Minerals & Rocks

Records of the Past – Resources for the Future

Earth's Stony Legacy – A Solid Foundation
Minerals and rocks have ever since been central to human progress as tools, as construction and raw materials, and as media for art and documentation. Solid rocks constitute the largest volume fraction of planet Earth, including Earth's crust and mantle, providing a solid foundation for life on Earth's surface and for human civilization. The rocks of Earth's crust and mantle formed as the products of ongoing, dynamic processes and hold records of Earth's past, from the planet's formation until today. Reading this record and projecting Earth's dynamics into the future requires to understand the properties of rocks and minerals as the building blocks of planets.
Druidenstein, Kirchen, Germany, EU
Basalt columns stretch towards the sky to form the cone of the iconic Druidenstein in Kirchen, Germany, EU. The distinctive shape of the basalt cone is believed to have attracted Celtic druids to gather and perform ritual activities in ancient times. In addition to the name Druidenstein (druid stone), the appeal of the rock cone gave rise to local myths and tales. The basalt columns, however, formed about 25 million years ago when basaltic magma intruded into the cold surrounding graywacke rocks and solidified to prismatic columns as a result of cooling and contraction. Over time, weathering and erosion exposed and shaped the cone. Basaltic magma is generated when rocks of Earth's mantle partially melt, for example, beneath regions where Earth's crust is particularly thin, allowing the magma to ascend through the crust. Weathering of basaltic rocks helps stabilize Earth's climate by removing carbon dioxide from the atmosphere. The Druidenstein portrays the connections between Earth's deep interior and surface, between Earth's geologic past and human history, and between rocks and human culture.
Rocks are composed of minerals. The properties of the minerals that form a rock will therefore determine the properties of the rock. Many technologically important materials are also composed of minerals or mineral-like materials such as concrete and ceramics. As with natural rocks, the properties of technological materials, such as mechanical, chemical, and optical properties, will again be inherited from their mineral components.
Peridotite: olivine, pyroxene, spinel
The minerals olivine (pale green), orthopyroxene (dark green/brown), clinopyroxene (vivid green), and less abundant spinel (dark gray/black) form this rock called peridotite, or more specific, lherzolite. Peridotites are believed to be common rocks in Earth's upper mantle because the partial melting of lherzolite generates basaltic magmas that are erupted by volcanoes along mid-ocean ridges and on oceanic islands, such as Iceland, Hawaii, and the Canary Islands. Beneath the sediments on the ocean floors, Earth's crust is composed of predominantly basaltic rocks, emphasizing the importance of basaltic magmatism and peridotites as the associated source rocks in Earth's mantle.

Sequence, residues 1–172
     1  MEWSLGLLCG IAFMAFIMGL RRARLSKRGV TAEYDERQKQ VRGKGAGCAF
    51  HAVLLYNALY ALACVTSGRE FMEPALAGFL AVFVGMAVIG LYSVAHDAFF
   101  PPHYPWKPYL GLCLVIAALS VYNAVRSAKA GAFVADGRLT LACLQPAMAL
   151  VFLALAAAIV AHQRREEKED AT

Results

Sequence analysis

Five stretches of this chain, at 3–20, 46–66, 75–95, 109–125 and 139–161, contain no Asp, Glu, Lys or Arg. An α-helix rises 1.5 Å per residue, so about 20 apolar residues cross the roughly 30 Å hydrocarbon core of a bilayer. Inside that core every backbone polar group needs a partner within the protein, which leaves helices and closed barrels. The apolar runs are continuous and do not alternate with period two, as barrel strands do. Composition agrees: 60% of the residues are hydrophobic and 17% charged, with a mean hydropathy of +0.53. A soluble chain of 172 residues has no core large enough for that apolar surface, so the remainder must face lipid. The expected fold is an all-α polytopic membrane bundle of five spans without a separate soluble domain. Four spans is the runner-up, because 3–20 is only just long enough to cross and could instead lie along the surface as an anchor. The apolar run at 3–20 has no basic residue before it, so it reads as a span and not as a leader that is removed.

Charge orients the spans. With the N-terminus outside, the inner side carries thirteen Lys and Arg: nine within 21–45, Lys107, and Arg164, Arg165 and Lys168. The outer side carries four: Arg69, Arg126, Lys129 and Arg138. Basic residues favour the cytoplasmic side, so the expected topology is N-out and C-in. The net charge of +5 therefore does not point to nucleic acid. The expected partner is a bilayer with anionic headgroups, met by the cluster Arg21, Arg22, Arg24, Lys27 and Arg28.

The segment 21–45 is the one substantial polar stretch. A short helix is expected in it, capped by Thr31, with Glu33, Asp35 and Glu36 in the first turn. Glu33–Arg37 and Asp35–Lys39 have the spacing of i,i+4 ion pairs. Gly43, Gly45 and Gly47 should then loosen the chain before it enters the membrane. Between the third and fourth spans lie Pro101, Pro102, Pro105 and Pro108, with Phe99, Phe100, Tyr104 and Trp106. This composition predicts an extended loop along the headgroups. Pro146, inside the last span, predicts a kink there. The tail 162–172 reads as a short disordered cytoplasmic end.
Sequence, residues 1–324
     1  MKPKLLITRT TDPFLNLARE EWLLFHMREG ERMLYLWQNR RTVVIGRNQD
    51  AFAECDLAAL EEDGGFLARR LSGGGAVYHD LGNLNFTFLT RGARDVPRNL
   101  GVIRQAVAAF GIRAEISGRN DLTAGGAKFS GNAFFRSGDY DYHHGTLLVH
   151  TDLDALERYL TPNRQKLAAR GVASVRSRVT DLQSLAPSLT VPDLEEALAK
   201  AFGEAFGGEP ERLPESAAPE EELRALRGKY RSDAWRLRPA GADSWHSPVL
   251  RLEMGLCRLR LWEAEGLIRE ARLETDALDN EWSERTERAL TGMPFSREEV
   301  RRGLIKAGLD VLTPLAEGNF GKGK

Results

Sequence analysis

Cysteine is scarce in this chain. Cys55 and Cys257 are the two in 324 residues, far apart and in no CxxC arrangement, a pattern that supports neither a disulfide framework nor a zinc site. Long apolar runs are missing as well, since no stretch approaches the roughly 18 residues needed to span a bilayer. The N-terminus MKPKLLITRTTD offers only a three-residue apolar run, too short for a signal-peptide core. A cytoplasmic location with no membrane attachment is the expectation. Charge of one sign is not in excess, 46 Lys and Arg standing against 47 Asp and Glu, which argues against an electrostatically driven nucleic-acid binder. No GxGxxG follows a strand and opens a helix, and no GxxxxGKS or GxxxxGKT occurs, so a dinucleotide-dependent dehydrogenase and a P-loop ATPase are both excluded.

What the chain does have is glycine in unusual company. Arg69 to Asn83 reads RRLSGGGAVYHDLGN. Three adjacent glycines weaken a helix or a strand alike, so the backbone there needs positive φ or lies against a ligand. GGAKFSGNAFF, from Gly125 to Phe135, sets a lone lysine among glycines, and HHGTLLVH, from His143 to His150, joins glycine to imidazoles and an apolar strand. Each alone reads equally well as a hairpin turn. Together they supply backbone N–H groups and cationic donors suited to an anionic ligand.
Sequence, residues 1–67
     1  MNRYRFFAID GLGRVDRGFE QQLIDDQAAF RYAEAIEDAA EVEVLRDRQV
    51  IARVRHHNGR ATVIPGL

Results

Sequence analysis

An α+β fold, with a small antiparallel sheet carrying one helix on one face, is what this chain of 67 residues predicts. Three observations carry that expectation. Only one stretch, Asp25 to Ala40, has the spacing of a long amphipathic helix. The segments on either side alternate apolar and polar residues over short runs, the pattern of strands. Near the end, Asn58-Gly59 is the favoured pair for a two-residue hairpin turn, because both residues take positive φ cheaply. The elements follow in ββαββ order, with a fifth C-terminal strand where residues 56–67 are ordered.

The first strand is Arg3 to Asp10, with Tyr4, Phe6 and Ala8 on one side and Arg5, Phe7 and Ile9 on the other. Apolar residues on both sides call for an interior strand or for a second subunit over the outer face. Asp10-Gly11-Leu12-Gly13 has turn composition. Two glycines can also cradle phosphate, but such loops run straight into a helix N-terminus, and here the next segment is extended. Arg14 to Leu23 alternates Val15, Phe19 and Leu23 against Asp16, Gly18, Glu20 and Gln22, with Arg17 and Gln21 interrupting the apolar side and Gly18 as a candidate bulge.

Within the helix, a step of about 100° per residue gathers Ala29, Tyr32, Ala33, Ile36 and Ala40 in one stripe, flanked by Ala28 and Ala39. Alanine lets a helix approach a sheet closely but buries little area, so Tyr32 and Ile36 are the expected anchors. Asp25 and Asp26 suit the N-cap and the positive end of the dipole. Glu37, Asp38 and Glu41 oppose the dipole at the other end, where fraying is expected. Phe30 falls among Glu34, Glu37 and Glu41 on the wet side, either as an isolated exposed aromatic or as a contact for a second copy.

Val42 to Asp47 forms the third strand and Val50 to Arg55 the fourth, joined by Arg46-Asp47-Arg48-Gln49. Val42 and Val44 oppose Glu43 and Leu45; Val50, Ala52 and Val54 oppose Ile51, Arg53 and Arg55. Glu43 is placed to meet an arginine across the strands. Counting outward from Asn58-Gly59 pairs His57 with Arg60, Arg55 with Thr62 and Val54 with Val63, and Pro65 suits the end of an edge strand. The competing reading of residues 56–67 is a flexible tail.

Mineral Physics
My research focuses on the physical properties of minerals. Most minerals form crystals. Crystals are characterized by their periodic arrangement of atoms, ions, and molecular groups in space. It is this three-dimensional atomic order that imparts particular physical properties to crystals. For example, the physical properties of crystals typically depend on the direction of an acting force or perturbation, i.e., crystals show anisotropy (from ancient greek άν-ϊσος-τρόπος for un-equal-direction).
Crystal structure of olivine and wadsleyite
The properties of crystals arise from the combination of different atomic species, i.e., the chemical elements and their ions, and their spatial arrangement into a crystal structure. The graphics above show the crystal structures of the minerals olivine and wadsleyite framed by sketches of typical crystal shapes. Both minerals share the same chemical formula and are composed of magnesium (Mg) and iron (Fe) cations (green), silicon (Si) cations (blue), and oxygen (O) anions (red). The oxygen anions surround the metal cations to form coordination polyhedra (translucent with black outlines). When the mineral olivine is pressurized and heated above certain thresholds, for example, as a component of a rock in Earth's mantle, the atoms rearrange into the crystal structure of the mineral wadsleyite. Both minerals are polymorphs of the same chemical compound but have different physical properties. Graphics were created using the program VESTA (Momma & Izumi, 2011) and crystal structure data from Smyth & Hazen (1973) and Finger et al. (1993). The crystal shape of wadsleyite is inspired by the observations of Shatskiy et al. (2009).
To investigate their physical properties, we irradiate minerals and crystals with electromagnetic waves, such as X-rays, lasers, or infrared radiation, and observe the interaction between a mineral sample and the electromagnetic waves. Depending on their wavelengths, electromagnetic waves interact with minerals by being scattered, diffracted, absorbed, or re-emitted. All these different types of interactions contain information about different mineral-physical properties.
Acoustic anisotropy